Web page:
Pachinko is one of the few ways to legally gamble in Japan, but don’t be lured into a parlor thinking you’ll see attractions like those of Vegas. The place is beyond loud and full of cigarette smoke.
The games themselves should be reserved for a 10th circle in Dante’s Inferno. Imagine a pinball machine with a computer screen display; once you pull the lever you have literally no control as to where the ball ends up.
Just like in Vegas, you’ll find burnt-out slot jockeys mechanically inserting yen, winning once every 27 days. Fun fun.
A karaoke booth with an all-you-can-drink special is a much better alternative if you want to be surrounded by video screens and loud noises.
It’s nothing like a country-western karaoke bar in the U.S.
All the booths in Japan are private, so you can only make an ass of yourself in front of close friends.
The Shidax chain is my favorite, but every town should have at least one place to sing.
Fuji is swamped with foreign and Japanese tourists in the official hiking season (peak in August), and completely overwhelmed during the Obon holiday week.
By this, I mean you’ll have to wait in line the entire climb and struggle to crop people out of your photos.
Late September and October would be “safest,” with minimal snow, but if you want the trek to yourself, bring the right gear and see if you can get permission from the 5th station to go in November or December.
Obviously, this can be rather dangerous, and I don’t recommend it to anyone who doesn’t have mountaineering experience. Attempting the ascent early, in May or June, can be just as risky with the rains.
If you’re looking for an alternative path to the summit, check out the Fuji Mountain Race.
The gallery and coffee shop atop Roppongi Hills immediately comes to mind.
This is an activity many Kyoto guesthouses and hostels offer for the ladies (maybe the men too?).
For about 10,000-30,000 yen (USD 100-300), depending on services offered and time allowed, your face will be painted pale white, your hair arranged in traditional geisha style, and your body stuffed and folded into a slim silk kimono.
Why? For photos to send home? The chance to see what geisha experience? Sometimes you’re allowed to take a short walk outside in full regalia and watch the reactions of startled Japanese men and tourists thinking: “Wow! A real geisha! Get the camera!”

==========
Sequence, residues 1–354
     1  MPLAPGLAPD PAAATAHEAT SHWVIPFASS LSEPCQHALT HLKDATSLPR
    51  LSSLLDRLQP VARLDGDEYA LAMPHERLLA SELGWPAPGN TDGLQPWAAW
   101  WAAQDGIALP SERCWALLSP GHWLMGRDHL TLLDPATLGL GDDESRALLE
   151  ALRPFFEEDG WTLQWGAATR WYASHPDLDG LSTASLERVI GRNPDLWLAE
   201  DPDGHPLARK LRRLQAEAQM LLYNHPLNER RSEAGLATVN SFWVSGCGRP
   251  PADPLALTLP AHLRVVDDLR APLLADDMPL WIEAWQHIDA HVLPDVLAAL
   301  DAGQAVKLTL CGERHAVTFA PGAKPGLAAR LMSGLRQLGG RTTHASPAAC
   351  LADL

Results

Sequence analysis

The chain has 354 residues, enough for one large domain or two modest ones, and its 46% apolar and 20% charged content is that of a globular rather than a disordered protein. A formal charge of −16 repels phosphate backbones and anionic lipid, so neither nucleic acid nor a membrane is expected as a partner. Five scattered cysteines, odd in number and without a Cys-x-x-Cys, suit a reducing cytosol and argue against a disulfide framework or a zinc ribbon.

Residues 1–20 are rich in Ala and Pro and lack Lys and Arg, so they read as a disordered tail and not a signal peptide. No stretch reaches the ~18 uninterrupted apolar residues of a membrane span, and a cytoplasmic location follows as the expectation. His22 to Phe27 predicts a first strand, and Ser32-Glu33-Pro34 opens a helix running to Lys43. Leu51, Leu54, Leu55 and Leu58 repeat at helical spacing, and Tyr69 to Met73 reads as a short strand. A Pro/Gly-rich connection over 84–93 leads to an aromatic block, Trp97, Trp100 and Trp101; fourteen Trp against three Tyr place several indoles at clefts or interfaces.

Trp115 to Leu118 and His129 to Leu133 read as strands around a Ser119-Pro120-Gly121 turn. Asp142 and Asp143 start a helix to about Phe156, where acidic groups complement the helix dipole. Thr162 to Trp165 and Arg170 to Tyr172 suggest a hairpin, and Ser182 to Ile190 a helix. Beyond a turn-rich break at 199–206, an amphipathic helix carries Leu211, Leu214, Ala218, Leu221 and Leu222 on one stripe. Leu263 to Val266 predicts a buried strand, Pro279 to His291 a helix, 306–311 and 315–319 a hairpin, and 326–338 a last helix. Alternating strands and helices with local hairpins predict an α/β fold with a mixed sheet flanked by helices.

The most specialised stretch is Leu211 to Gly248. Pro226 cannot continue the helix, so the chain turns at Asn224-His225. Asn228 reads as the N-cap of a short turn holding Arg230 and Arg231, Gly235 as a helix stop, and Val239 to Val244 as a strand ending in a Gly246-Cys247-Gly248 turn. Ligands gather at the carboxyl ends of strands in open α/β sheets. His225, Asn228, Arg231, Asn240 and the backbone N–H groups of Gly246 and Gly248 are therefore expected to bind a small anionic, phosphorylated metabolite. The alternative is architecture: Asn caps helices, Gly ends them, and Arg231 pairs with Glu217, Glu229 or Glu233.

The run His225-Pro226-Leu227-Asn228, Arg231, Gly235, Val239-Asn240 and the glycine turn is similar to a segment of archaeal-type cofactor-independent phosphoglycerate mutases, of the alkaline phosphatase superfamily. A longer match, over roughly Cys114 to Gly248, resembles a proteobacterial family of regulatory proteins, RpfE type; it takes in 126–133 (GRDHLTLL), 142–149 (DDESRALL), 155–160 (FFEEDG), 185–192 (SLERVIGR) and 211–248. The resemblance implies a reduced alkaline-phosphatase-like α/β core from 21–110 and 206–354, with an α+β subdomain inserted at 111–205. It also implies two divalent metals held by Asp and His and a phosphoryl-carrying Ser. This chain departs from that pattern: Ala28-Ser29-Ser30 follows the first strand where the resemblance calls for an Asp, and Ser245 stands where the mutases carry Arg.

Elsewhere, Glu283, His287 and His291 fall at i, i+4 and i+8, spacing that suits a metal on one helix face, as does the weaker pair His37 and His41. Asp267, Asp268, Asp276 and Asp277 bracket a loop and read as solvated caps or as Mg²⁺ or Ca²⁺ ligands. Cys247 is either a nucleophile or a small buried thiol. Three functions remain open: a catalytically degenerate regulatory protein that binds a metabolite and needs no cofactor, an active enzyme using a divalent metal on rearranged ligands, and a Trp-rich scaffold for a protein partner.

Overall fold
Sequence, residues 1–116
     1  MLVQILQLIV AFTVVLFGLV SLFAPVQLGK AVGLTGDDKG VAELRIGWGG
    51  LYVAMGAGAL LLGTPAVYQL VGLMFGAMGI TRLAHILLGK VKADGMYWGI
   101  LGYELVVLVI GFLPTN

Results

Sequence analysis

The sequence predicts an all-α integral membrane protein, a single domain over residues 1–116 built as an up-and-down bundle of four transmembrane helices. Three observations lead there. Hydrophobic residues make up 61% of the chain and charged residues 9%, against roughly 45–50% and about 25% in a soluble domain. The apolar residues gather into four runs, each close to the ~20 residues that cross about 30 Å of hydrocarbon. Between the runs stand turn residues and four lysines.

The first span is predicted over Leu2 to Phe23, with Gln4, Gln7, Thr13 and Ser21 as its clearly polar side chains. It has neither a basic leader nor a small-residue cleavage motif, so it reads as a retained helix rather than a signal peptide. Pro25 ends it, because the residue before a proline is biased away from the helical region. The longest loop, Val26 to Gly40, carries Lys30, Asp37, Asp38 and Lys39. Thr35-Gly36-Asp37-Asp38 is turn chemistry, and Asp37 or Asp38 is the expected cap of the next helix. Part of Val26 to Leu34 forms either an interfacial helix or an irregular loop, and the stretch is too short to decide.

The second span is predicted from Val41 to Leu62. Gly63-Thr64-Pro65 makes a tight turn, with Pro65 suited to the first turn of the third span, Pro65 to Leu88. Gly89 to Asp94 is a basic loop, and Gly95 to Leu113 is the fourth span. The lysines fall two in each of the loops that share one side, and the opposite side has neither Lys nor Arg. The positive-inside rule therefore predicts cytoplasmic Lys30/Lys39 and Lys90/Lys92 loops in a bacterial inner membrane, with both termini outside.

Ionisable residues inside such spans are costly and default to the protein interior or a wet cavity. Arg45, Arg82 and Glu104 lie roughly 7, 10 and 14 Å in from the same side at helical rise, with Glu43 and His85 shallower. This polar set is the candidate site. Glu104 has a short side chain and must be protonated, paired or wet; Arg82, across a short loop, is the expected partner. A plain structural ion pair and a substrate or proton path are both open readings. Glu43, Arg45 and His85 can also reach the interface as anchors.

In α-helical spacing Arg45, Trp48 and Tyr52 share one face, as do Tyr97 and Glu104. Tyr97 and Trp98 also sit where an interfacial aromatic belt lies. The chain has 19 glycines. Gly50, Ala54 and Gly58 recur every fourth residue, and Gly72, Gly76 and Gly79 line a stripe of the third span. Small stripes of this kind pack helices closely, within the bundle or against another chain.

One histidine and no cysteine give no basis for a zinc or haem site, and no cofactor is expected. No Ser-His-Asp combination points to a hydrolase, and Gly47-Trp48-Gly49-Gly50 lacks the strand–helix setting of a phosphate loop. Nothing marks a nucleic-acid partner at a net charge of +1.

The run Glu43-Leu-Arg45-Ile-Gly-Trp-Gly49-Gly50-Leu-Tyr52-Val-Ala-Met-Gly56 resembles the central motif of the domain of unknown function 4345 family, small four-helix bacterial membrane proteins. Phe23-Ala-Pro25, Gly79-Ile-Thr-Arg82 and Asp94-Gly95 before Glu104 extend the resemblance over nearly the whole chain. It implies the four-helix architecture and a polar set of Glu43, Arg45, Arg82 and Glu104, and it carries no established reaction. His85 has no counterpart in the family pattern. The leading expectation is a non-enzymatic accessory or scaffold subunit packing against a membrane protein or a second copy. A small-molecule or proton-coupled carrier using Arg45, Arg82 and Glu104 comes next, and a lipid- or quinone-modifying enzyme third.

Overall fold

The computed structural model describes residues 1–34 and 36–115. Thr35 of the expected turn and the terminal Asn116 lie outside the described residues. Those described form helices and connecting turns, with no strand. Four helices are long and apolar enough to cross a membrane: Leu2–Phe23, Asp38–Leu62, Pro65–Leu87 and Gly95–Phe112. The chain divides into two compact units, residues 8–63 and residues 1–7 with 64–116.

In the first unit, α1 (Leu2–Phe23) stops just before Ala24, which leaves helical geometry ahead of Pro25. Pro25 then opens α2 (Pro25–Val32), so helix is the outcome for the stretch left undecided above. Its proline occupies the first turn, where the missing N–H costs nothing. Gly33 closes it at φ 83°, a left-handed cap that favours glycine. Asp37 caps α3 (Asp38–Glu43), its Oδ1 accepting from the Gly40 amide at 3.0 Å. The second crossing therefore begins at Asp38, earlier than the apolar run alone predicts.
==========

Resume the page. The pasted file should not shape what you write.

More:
Unfortunately, it’s just not worth it; with foreign noses, eyes, and facial features, we simply look ridiculous.
Australian-born Sayuki, currently working in the Asakusa district of Tokyo: www.sayuki.net
Imagine you’ve just flown into Tokyo one Sunday in April; those flowering trees that have inspired thousands of haiku and drunken hanami (viewing parties) are now in full bloom and ripe for the watching.
Instantly, you think: “I’ve got to get to the best viewing spots in the country, quickly!” Many travelers do this, following the spread of the sakura (cherry blossoms) from the south of Okinawa in February all the way to Hokkaido in May.
If you ask me, it’s not worth the effort.
The very best blossoms might be right where you’re at. Every city, town, and prefecture in Japan has a great place to lay down a blanket, crack open an Asahi, and view the petals falling as gently as snow.
I won’t deny there are some great trees out there, but don’t feel pressured to rush out of town; cherry blossoms bloom for only one week, and even with reliable sakura forecasts, it’s difficult to schedule a holiday precisely around full bloom.
Instead, take advantage of your present surroundings.
Japanese World War II history goes way beyond Hiroshima City’s Peace Museum, A-Bomb Dome, and Paper Crane Memorial. By all means, visit each of those, but once you finish…
* Take the train over to Nagasaki and tour its Peace Park. Did you know Kokura was the original target on August 9th, but cloud cover caused the pilot to divert to Nagasaki?
* Really go off the beaten path with the Kamizake Museum in Chiran, Kagoshima Prefecture. Hundreds of letters are on display, written by pilots as goodbyes to their families.
* Visit the controversial Yasukuni War Memorial shrine in Tokyo, which honors the spirits of those fallen.
For most foreigners coming to Kyoto, [the cityscape’s distasteful modernity] merely whets their appetite to find the old Japan they know must be there. When they finally get to Honen-In Temple and see a monk raking the gravel under maple trees, they say to themselves, “Yes it does exist. I’ve found it!” And their enthusiasm for Kyoto ever after knows no bounds. The minute they walk out of Honen-In they’re back in the jumbly modern city, but it doesn’t impinge on the retina – they’re still looking at the dream.
Dogs and Demons: The Fall of Modern Japan, Alex Kerr (quoting Mason Florence)
Most Japan newbies are on the hunt for “old Japan”: zen temples with chanting monks, samurai warriors parading the streets.
But the truth is, even though a few pockets of the country have successfully preserved it, that Japan has been fading from existence since the 1960s.
At some level we all appreciate the fancy robots and electronics in Akihabara, the high-speed trains, and the capsule hotels.
I’m not saying you shouldn’t enjoy your Japanese holiday by reaping all the benefits of modernization. Just be aware of some of the things the country has given up to get to this point.
Photo: Sergiy Zavarykin